Murphy fails to note that the only marker that shows any real homogeneity among modern Jewish groups from around the world is the Cohen Modal Haplotype, and even this is present in only a tiny fraction of today's Jews. Dr. Ken Jacobs, the author of studies on Jewish genetics, states: "The only Jewish subgroup that does show some homogeneity -- descendants of the Cohanim, or priestly class -- makes up only about 2 percent of the Jewish population. Even within the Cohanim, and certainly within the rest of the Jewish people, there's a vast amount of genetic variation that simply contradicts MacDonald's most basic assertion that Jewish genetic sameness is a sign that Judaism is an evolutionary group strategy"6
Should we expect the Cohen Modal Haplotype to be present in presumptive Lehite descendants? Lehi was a descendant of Joseph (1 Nephi 5:14). Mulek, son of Zedekiah, was presumably a descendant of
It seems very unfair for Mr.
Murphy to repeatedly cite the absence of the CMH among Mesoamericans as
evidence against ancient Israelite ancestry, when the Book of Mormon story
itself gives us no suggestion that Cohen priests or others likely to carry the
Cohen Modal Haplotype would have been present in the Lehite and Mulekite groups. It
also seems unfair to repeatedly demand “similar evidence,” at least in the
sense of a specific haplotype of comparable relevance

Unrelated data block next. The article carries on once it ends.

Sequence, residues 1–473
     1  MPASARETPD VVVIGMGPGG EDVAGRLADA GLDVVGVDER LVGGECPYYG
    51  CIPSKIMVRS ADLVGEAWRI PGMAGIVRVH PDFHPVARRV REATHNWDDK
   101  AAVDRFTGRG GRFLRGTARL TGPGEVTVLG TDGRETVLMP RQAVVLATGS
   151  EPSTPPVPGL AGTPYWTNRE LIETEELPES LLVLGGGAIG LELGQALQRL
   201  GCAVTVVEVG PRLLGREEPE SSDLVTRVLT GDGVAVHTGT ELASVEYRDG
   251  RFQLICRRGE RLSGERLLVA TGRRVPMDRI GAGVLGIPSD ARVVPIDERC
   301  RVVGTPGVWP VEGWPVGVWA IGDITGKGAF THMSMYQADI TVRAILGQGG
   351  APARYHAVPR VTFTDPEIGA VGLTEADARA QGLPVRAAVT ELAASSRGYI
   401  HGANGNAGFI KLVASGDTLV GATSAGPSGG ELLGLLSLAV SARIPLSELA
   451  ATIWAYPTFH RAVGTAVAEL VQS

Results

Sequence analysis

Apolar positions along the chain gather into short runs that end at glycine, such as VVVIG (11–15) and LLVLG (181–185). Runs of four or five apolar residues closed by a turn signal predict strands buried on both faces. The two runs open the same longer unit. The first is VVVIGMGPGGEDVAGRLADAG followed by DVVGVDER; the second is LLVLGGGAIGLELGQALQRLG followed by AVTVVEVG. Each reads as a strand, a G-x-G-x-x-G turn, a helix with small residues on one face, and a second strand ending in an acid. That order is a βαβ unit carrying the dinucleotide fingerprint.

to the CMH, when authorities on Jewish genetics note that the CMH is the only
gene yet identified with significant homogeneity among differing Jewish
populations worldwide and a presumptive origin in ancient
The presence of the Cohen
Modal Haplotype among Lemba
and Bnei Menashe, and its
absence among Mesoamericans, does not appear to be a discordant piece of
"evidence" discrediting the Book of Mormon, but an expected finding
fully consistent with the Book of Mormon story.
DNA studies suggest presumably non-Israelite origins of
many today’s Jews and demonstrates the fallacy of using modern Jewish genetics
as a standard against which claims of other groups to Israelite ancestry are
assessed. For example, most contemporary
Jewish geneticists believe that the haplotype found
in the majority of modern Ashkenazi Jews identifying themselves as Levites is
less than two thousand years old and did not originate in the Middle East,
largely ruling out an origin in pre-dispersion
“Comparisons of the Ashkenazic Levite dataset with the other groups studied suggest that Y chromosome haplotypes, present at high frequency in Ashkenazic Levites, are most likely to have an east European or west Asian origin and not to have originated in the Middle East."14
Behar et al report:
"[T]he Levites, another paternally inherited Jewish caste, display evidence for multiple recent origins, with Ashkenazi Levites having a high frequency of a distinctive, non-Near Eastern haplogroup. Here, we show that the Ashkenazi Levite microsatellite haplotypes within this haplogroup are extremely tightly clustered, with an inferred common ancestor within the past 2,000 years. Comparisons with other Jewish and non-Jewish groups suggest that a founding event, probably involving one or very few European men occurring at a time close to the initial formation and settlement of the Ashkenazi community, is the most likely explanation for the presence of this distinctive haplogroup found today in >50% of Ashkenazi Levites."15